Group’s green Bloomsday attire brings attention to mental illness
Alex Stewart, 14, will be doing Bloomsday today with his face painted green. He’ll hand out green “Empower” wrist bands and spread this message: Kids with mental health issues never need to walk alone – in Bloomsday or through life.
Stewart, who has epilepsy and an accompanying mood disorder, will be joined by other young people in his Youth ’N Action group. “This group helps me realize I’m not the only person in the world with epilepsy,” he said.
Youth ’N Action members range in age from 14 to 24. They face mental health challenges such as depression and bipolar, obsessive-compulsive and attention-deficit disorders, either in their own lives or because a friend or family member struggles with mental illness. Ryan Oelrich, director of Youth ’N Action in Eastern Washington, said 12 to 15 group members will be “running green” today because two centuries ago, mentally ill people sometimes were splashed with green coloring to warn others away.
Sybrina Cardinale, 16, will be walking Bloomsday wearing a green hat and a green plastic flower lei around her neck. She’s a member of Youth ’N Action because her mother and brother have bipolar disorder and another brother has attention-deficit disorder.
“Youth ’N Action helps me understand where they are coming from and why and how to handle it, rather than just get angry with them when they have mood swings,” she said.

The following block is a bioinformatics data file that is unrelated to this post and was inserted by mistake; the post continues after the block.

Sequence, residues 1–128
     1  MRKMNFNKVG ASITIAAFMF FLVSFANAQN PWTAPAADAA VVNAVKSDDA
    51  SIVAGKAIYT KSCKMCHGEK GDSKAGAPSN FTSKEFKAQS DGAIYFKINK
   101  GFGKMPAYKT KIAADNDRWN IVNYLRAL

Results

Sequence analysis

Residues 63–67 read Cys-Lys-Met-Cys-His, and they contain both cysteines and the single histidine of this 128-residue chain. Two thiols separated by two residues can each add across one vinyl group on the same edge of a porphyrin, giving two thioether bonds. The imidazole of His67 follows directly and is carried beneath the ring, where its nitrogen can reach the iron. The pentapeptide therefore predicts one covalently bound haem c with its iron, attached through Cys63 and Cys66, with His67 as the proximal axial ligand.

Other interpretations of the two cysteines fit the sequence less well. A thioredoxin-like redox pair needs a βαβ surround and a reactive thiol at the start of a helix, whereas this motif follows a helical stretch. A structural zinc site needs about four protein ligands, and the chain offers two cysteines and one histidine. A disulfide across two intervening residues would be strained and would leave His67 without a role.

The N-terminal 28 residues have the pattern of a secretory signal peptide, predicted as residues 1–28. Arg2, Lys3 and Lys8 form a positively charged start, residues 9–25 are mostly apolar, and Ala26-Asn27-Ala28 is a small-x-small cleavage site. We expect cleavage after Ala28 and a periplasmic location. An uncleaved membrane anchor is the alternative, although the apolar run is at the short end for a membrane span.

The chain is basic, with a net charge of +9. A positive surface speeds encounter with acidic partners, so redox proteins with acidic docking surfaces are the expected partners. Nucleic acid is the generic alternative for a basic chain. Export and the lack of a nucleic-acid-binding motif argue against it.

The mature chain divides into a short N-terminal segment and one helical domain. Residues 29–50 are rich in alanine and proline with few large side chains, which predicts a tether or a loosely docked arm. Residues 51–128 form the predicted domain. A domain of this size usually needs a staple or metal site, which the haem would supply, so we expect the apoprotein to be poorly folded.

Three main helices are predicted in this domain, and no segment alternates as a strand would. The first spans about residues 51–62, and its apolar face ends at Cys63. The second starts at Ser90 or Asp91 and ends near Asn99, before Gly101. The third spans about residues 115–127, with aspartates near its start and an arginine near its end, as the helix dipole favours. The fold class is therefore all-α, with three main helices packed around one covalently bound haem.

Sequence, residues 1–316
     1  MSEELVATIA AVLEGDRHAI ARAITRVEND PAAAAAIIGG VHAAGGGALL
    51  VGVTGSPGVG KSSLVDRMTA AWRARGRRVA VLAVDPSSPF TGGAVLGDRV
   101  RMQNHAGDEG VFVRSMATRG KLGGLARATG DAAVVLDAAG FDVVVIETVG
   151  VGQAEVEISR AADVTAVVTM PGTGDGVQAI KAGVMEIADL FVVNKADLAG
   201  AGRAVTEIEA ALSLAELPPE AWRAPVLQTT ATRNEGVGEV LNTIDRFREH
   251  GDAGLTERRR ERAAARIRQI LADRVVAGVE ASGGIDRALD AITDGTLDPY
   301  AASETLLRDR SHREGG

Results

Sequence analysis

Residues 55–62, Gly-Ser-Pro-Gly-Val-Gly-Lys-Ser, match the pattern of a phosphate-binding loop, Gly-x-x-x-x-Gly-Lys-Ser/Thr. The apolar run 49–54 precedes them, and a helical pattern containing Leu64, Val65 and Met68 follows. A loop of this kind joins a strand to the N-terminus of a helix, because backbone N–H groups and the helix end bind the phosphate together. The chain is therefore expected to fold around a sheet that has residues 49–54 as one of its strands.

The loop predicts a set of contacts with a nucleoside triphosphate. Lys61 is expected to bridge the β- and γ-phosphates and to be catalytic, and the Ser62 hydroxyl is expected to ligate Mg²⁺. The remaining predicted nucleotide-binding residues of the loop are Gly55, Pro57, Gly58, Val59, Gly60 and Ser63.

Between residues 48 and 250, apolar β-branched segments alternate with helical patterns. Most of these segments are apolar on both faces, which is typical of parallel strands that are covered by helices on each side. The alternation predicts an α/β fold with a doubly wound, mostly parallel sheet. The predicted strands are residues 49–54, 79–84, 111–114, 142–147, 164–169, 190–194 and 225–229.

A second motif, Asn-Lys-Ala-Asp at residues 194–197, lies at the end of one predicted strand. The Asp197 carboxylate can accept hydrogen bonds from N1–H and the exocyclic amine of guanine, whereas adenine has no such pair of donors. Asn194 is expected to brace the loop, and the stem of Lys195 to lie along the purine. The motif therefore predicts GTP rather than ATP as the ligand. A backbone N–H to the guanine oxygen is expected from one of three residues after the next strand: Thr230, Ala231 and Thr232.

In an interview Saturday, Stewart and Cardinale seemed at ease talking about mental illness. The adults listening in, including Stewart’s mother, Tammy Stewart, marveled at how far society has come. For instance, in 1977, the year of the first Bloomsday race, mental illness was still in society’s shame closet.
The 1980 movie “Ordinary People” took an unwavering look at teen depression and suicide, but it wasn’t until the late 1980s and the 1990s that several high-profile people started telling their stories about struggles with bipolar disorder and severe depression. Books by actress Patty Duke (“Call Me Anna”) and writer William Styron (“A Darkness Visible”) helped generate a cultural dialogue about hidden mental illness in families and communities.
The Department of Health and Human Services estimates that between 7 million and 12 million children and teens struggle with mental illness. Both Stewart and Cardinale acknowledge that stigma and stereotyping still exist. Stewart, bullied since elementary school, says it has followed him into high school. “They punch me,” he said. “They push me into lockers.”
Cardinale heard about Youth ’N Action through a middle-school counselor. Stewart’s mother heard about it through an epilepsy issues newsletter. The green runners today hope other Bloomsday participants notice their green-painted faces, hats and leis and ask why they wear green. These young people have some answers ready.
“If there’s one thing I hope youth come away with it’s that they are not alone,” Oelrich said.
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